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Discussion in 'Other Cool Guitars' started by Synchro, Jul 7, 2020.
This particular cat species is very wild.
I didn't need the feline hints. I knew from the get-go exactly what it is...
You're such a " cool cat " yourself , I though perhaps it was part of the riddle ( as a play on words )
You got some EP stuff from Graceland. Good job my friend.
And proudly so.
Signed Sealed Delivered, I'm Yours.
Cat scan process.
Last step before final approval.
So here it is. A Vintera '60s Jaguar Modified HH. Basically, I wanted a little hot rod with a short scale. The Humbuckers can be used in single coil mode, giving it the right sound for a Jaguar, but the HB mode isn't so bad either.
Up to this point, I have set the intonation and given it a test play. It seems pretty decent, right out of the box. The vibrato tailpiece seems to work well, and the horror stories I've heard about the T-O-M bridge don't seem to be holding true. There will be modifications, if and when needed, but so far, it's pretty nice. The Ping tuners really surprised me, in a good way.
Now, back to the business at hand.
Me Yelling at Cloud
Yeah. Old "E" and I go way back.
Crazy. I was just looking into one of these. Beautiful guitar. Congrats!
I'm pleasantly surprised. The big attraction for me is the Trem being closer to the bridge, for greater break angle. It seems to work.
I have the same quality control inspectors. They do a great job on guitar cases!
Yep. It takes a real pro to do the job right.
Big time. Plus as you mentioned the scale length which is very appealing for Jaguars.
Congrats again sir!
That's surf green? Is there some lighting aspect messing with the hue? Wonderful! Congrats, Mark!
Oh my, how did we not get that on the first try? Lovely. I was really hoping it would go through Abilene (Dave Alvin) - that is one of my favorite songs.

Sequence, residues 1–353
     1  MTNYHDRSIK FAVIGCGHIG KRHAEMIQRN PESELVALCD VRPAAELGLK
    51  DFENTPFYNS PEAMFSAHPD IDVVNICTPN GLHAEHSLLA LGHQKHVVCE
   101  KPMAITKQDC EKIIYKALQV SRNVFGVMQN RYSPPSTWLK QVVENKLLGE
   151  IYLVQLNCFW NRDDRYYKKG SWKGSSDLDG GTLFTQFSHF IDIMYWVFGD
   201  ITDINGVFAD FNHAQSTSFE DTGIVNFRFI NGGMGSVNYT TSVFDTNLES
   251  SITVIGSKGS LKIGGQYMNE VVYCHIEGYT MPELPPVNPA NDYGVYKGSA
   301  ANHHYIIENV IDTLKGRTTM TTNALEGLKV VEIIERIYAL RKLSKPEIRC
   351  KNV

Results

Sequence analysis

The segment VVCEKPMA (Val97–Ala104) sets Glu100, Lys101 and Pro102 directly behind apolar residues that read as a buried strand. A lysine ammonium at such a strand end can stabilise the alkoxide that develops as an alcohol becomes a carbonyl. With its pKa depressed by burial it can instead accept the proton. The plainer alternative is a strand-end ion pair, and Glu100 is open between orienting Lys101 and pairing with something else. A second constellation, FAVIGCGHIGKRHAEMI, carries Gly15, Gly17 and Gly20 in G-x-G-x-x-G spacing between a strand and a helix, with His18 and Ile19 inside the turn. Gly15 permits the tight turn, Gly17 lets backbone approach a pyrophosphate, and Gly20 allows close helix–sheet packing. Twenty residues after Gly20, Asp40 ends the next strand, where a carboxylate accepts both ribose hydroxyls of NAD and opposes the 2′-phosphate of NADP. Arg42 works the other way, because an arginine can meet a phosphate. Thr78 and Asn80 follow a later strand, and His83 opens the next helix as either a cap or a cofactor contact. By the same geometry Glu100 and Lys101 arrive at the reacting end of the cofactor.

I want that
Congrats on finally getting your Jag, looks good.
So, I put it on the amp. The pickups wanted to be raised, but that's no big deal. I have it fairly well balanced at this point. Amplified, its surprising. There's a balance between bright and warm. Through a mellow pedal, such as an EHX Soul Food, it's surprisingly mellow, even in single coil mode. Just a bit of drive makes this guitar into a Soft Rock monster. You can drive it harder and get the tones of the Hard Rock era, but I was astounded by how mellow it could get with just a bit of drive to take the edge off.
With nothing but added reverb, the crisp Fender single coil sound comes straight through and the Telecaster DNA proclaims its presence. I will risk being charged with heresy, but Jaguars and Telecasters are actually more closely related than first glance might lead you to believe. In the mid sixties, it wasn't unusual for a Country Guitar-slinger to use a Jaguar. That's probably more what Leo Fender had in mind when he developed it, given his tastes in music.
A bit of Fenderology might be in order. Leo Fender started out making amps and lap steels. He took the lap steel design as a basis for the Telecaster and gave the electric guitar a new voice. The Stratocaster was designed as a replacement for the Tele, but the bridge/tailpiece design gave the instrument different characteristics, which made it another new voice for the electric guitar era. The Jazzmaster was actually designed to be an archtop replacement, but instead came away as yet another voice in the electric world.